At least nine people were killed and at least one other was believed missing after floodwaters from a sudden rainstorm barrelled through a normally tranquil swimming area in Tonto National Forest in Arizona where more than 100 people were taking refuge from summer heat, authorities said Sunday.
Some of those washed downstream clung to trees until rescuers reached them.
The flash-flooding hit Saturday afternoon at Cold Springs canyon, about 160 kilometres northeast of Phoenix, and some people were washed several kilometres downstream.
Disa Alexander was hiking to the swimming area where Ellison Creek and East Verde River converge when the storm hit and the water suddenly surged. She was still about four kilometres away when she came up a man holding a baby and clinging to a tree. His wife was nearby, also in a tree.
‘Like a really big mudslide’
Alexander and others tried to reach them but couldn’t. Rescuers arrived a short time later.
“We were kinda looking at the water; it was really brown,” she said. “Literally 20 seconds later you just see, like hundreds of gallons of water smacking down and debris and trees getting pulled in. It looked like a really big mudslide.”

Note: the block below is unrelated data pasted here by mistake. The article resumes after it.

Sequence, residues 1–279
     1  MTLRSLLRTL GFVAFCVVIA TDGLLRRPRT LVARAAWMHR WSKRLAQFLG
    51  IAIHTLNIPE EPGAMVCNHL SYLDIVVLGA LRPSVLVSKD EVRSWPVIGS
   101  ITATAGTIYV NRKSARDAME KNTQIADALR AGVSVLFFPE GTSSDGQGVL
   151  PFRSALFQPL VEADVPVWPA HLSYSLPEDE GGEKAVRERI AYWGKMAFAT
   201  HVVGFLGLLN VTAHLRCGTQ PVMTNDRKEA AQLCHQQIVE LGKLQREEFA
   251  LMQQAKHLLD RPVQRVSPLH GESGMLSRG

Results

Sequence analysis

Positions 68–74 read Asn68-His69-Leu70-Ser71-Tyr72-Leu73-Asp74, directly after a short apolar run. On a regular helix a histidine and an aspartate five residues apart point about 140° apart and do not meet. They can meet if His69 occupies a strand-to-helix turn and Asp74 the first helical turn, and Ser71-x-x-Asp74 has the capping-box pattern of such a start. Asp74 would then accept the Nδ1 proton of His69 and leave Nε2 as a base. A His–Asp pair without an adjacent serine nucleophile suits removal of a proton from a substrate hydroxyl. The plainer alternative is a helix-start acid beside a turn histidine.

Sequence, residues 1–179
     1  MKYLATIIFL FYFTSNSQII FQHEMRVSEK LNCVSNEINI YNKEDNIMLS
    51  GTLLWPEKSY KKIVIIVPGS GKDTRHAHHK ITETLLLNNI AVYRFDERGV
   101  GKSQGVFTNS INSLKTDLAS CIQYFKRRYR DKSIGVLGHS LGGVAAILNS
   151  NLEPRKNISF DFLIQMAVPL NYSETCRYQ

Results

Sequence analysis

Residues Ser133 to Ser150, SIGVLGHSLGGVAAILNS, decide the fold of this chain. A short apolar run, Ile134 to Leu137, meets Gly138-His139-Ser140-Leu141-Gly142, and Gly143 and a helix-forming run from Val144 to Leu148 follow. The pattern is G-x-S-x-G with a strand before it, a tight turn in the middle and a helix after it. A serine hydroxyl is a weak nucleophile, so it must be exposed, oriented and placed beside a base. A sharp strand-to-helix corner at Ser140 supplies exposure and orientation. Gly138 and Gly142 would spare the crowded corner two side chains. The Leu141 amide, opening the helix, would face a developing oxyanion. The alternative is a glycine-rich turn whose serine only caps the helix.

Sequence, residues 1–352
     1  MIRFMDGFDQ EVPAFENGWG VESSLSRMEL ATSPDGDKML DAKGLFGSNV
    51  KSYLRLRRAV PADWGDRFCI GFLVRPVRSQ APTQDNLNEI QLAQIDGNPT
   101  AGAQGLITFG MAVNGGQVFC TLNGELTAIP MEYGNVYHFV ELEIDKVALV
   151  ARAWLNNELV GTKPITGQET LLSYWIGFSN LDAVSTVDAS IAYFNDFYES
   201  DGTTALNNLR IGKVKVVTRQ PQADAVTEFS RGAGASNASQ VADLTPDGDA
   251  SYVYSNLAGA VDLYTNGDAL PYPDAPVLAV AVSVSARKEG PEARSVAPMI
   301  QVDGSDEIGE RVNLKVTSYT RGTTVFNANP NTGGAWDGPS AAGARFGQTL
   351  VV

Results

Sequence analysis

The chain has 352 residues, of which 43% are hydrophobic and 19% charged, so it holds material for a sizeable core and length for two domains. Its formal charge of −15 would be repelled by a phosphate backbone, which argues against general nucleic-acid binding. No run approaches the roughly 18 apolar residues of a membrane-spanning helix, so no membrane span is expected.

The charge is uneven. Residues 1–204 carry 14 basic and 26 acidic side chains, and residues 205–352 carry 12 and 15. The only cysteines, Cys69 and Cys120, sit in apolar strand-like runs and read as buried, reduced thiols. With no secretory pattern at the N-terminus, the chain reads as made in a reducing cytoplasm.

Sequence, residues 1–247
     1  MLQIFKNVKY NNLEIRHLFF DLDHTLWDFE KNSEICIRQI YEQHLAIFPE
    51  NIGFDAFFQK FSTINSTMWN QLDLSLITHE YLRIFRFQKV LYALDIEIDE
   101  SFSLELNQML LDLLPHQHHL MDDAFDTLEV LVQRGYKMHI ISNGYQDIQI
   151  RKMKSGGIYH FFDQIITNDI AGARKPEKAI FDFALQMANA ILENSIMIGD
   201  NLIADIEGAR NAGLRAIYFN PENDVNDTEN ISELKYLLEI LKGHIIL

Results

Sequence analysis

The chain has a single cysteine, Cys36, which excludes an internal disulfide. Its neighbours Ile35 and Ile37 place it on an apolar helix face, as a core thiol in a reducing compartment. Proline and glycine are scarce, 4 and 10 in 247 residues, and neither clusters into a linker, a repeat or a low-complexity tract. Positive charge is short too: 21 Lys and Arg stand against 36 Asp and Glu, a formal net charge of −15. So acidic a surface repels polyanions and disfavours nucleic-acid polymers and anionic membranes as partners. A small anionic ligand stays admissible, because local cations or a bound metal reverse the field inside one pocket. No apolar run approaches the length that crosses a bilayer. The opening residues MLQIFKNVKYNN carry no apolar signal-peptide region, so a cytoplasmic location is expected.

The U.S. National Weather Service, which had issued a flash flood warning, estimated up to 96 millimetres of rain fell over the area in an hour. The thunderstorm hit about 13 kilometres upstream along Ellison Creek, which quickly flooded the narrow canyon where the swimmers were.
“They had no warning. They heard a roar, and it was on top of them,” Water Wheel Fire and Medical District Fire Chief Ron Sattelmaier said.
Deaths include 1 child
Three bodies were pulled out Saturday and five more Sunday. The deaths include at least one child. Four people rescued by helicopter Saturday were taken to the hospital for hypothermia.
There had been thunderstorms throughout the area, but it wasn’t raining where the swimmers were at the time. But it happened during monsoon season, when…